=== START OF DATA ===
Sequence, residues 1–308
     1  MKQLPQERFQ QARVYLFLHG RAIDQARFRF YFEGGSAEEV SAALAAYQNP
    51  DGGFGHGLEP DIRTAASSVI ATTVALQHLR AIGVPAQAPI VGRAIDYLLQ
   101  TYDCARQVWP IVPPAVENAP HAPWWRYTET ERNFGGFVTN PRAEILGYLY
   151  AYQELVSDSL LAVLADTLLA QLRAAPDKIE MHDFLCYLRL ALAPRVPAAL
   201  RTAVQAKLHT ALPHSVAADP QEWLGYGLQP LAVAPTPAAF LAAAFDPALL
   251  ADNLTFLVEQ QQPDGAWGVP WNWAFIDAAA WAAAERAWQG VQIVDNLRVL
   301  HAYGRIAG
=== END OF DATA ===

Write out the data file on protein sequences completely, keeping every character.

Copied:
Sequence, residues 1–308
     1  MKQLPQERFQ QARVYLFLHG RAIDQARFRF YFEGGSAEEV SAALAAYQNP
    51  DGGFGHGLEP DIRTAASSVI ATTVALQHLR AIGVPAQAPI VGRAIDYLLQ
   101  TYDCARQVWP IVPPAVENAP HAPWWRYTET ERNFGGFVTN PRAEILGYLY
   151  AYQELVSDSL LAVLADTLLA QLRAAPDKIE MHDFLCYLRL ALAPRVPAAL
   201  RTAVQAKLHT ALPHSVAADP QEWLGYGLQP LAVAPTPAAF LAAAFDPALL
   251  ADNLTFLVEQ QQPDGAWGVP WNWAFIDAAA WAAAERAWQG VQIVDNLRVL
   301  HAYGRIAG